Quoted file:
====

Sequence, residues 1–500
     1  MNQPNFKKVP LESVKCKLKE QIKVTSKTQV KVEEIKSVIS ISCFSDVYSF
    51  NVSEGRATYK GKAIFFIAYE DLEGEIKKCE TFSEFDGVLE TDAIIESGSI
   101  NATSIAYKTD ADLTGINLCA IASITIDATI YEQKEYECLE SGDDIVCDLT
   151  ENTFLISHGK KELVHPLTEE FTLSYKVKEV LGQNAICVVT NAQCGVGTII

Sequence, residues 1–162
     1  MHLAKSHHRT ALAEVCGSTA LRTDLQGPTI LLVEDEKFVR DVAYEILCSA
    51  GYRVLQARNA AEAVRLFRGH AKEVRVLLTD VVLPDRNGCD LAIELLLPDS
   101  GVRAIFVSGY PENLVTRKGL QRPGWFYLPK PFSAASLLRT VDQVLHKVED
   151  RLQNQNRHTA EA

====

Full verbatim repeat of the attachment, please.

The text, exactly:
Sequence, residues 1–500
     1  MNQPNFKKVP LESVKCKLKE QIKVTSKTQV KVEEIKSVIS ISCFSDVYSF
    51  NVSEGRATYK GKAIFFIAYE DLEGEIKKCE TFSEFDGVLE TDAIIESGSI
   101  NATSIAYKTD ADLTGINLCA IASITIDATI YEQKEYECLE SGDDIVCDLT
   151  ENTFLISHGK KELVHPLTEE FTLSYKVKEV LGQNAICVVT NAQCGVGTII

Sequence, residues 1–162
     1  MHLAKSHHRT ALAEVCGSTA LRTDLQGPTI LLVEDEKFVR DVAYEILCSA
    51  GYRVLQARNA AEAVRLFRGH AKEVRVLLTD VVLPDRNGCD LAIELLLPDS
   101  GVRAIFVSGY PENLVTRKGL QRPGWFYLPK PFSAASLLRT VDQVLHKVED
   151  RLQNQNRHTA EA